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First Freenas build. Looking for feedback

Western Digital Drives - The Preferred Drives of FreeNAS and TrueNAS CORE
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Imran

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Nov 4, 2015
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Hi All,
I am excited to create my first nas build. I have been stalking these forums for about 3 weeks now and I have spent a lot of time reading the threads. There are some very knowledgeable people here and the stickies have helped me a lot in gaining understanding of freenas. All I need now is some feedback on the hardware list I have come up with.

I am exploring 2 sets of hardware, each with its pros and cons

Set1
Intel Xeon E5-1620 V3 3.5GHz Quad-Core Processor
ASRock EPC612D4U uATX Server Motherboard Socket LGA 2011 R3 Intel C612
Crucial 32GB (2 x 16GB) Registered DDR4-2133 Memory x2 Total 64GB ram
Western Digital Red 4TB 3.5" 5900RPM Internal Hard Drive x8 In RaidZ2
Fractal Design Node 804 MicroATX Mid Tower Case
SeaSonic G 550W 80+ Gold Certified Semi-Modular ATX Power Supply
CPU cooler. Any recommendations?

Pros:
More disk space

Cons:
More noise?
Slightly more expensive (after excluding the cost of 2 additional disks)

Set2
SUPERMICRO MBD-X10SDV-4C-TLN2F-O Mini ITX Server Motherboard (Xeon D-1520 onboard)
Crucial 32GB (2 x 16GB) Registered DDR4-2133 Memory x2 Total 64GB ram
Western Digital Red 4TB 3.5" 5900RPM Internal Hard Drive x6 In RaidZ2
Fractal Design Node 304 FD-CA-NODE-304-BL Black Aluminum / Steel Mini-ITX Tower Computer Case
SeaSonic G 550W 80+ Gold Certified Semi-Modular ATX Power Supply
CPU cooler. Any recommendations?

Pros:
compact
lower power
10gbe

Cons:
Only 6 sata ports. Need an LSI HBA for additional storage and probably a new case
Lower cpu frequency

On top of either I have am planning CyberPower CP1500PFCLCD UPS. I could probably go with a 450W PSU.


So here is what I am planning to do with this nas
1. Upto 2 simultaneous 1080p plex transcoding streams
2. 1 virtual box vm, maybe 2.
3. crashplan jail for backups
4. network file sharing for upto 10 devices

I am planning to put this nas box in home/small office environment, so I can't afford too much noise. On the other hand the cpu needs to be powerful enough to handle the above requirements.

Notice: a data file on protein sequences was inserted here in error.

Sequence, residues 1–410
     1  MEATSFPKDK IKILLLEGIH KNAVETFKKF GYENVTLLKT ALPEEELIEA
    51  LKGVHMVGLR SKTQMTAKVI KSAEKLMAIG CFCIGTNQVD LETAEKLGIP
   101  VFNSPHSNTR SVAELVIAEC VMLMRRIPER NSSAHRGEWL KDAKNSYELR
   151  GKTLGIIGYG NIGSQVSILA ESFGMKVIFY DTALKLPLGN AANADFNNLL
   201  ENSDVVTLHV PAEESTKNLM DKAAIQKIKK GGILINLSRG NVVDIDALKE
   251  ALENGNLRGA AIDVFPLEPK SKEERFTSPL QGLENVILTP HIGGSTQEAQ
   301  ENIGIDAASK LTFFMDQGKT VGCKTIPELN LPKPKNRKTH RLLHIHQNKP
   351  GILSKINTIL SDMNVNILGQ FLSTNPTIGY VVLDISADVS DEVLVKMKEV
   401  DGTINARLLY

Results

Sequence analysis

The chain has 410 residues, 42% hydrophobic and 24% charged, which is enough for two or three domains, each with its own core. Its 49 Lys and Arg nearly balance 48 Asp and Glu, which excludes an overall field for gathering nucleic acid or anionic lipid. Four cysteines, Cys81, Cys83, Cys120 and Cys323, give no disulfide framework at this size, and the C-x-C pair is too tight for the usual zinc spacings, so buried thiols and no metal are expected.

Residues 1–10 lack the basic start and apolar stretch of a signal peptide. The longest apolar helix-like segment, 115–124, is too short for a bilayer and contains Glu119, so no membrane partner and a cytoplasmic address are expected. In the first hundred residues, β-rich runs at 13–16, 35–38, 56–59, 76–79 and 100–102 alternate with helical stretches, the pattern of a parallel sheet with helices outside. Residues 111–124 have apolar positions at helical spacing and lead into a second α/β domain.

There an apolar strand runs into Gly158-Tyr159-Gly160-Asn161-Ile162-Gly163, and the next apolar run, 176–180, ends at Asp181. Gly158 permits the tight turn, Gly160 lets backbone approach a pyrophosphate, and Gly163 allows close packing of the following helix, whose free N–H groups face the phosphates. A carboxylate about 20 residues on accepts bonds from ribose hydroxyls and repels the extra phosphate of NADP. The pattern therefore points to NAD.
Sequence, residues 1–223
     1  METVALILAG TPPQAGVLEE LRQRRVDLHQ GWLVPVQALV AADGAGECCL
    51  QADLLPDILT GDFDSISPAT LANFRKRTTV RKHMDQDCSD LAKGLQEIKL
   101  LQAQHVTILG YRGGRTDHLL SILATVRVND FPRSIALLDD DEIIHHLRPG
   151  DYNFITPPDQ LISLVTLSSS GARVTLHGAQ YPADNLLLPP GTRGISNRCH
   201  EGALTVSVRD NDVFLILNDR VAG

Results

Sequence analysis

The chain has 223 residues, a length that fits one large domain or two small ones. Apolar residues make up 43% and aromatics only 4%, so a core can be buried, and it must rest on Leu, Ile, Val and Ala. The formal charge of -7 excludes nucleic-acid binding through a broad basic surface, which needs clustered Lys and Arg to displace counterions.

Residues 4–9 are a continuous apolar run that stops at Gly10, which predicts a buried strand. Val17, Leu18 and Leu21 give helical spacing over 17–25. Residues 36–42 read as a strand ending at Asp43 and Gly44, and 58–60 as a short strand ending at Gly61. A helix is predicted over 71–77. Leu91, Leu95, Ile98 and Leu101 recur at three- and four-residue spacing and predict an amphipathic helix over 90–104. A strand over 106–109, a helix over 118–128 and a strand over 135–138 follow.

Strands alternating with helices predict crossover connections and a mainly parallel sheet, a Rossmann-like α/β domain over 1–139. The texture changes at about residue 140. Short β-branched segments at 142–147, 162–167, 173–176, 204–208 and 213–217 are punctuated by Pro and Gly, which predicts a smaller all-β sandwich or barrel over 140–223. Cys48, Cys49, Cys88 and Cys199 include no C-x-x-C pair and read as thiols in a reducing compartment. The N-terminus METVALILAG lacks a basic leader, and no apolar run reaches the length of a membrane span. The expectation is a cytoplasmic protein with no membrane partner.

I am looking forward to some experienced opinions. Please point out any obvious red flags if any. Thanks for your feedback.
 

PlowHouse

Dabbler
Joined
Dec 10, 2012
Messages
23
Looks solid, the only concern I'd have is to double check the ASRock mother board and make sure it supports ECC RAM. Looks like it supports the "Registered" RAM you're looking to use but to fully utilize ECC, you will want to just make sure that's embedded. Maybe the MB naturally supports it where the RAM is registered but it's worth checking. Especially since the SuperMicro board discloses that it supports RDIMM ECC RAM within it's specs...

Aside from that you're Proc supports ECC so you have the full circle in place for error checking.
 

PlowHouse

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Dec 10, 2012
Messages
23
Also, have you considered Mirrored vdevs for the primary box opposed to Raidz2? The resilvering times are much longer for Raidz2 than RAID10 (Mirrored vdev) and where you plan to have a secondary box it may be worth considering in terms of performance. Just a thought =D
 

danb35

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13,061
have you considered Mirrored vdevs for the primary box opposed to Raidz2
Lower capacity and worse redundancy isn't exactly a winning combination. Striped mirrors are going to do better in the IOPS department, and would be a more viable suggestion if this box was going to be a VM datastore--but for the stated use case this doesn't seem like a major issue.
 

Imran

Dabbler
Joined
Nov 4, 2015
Messages
13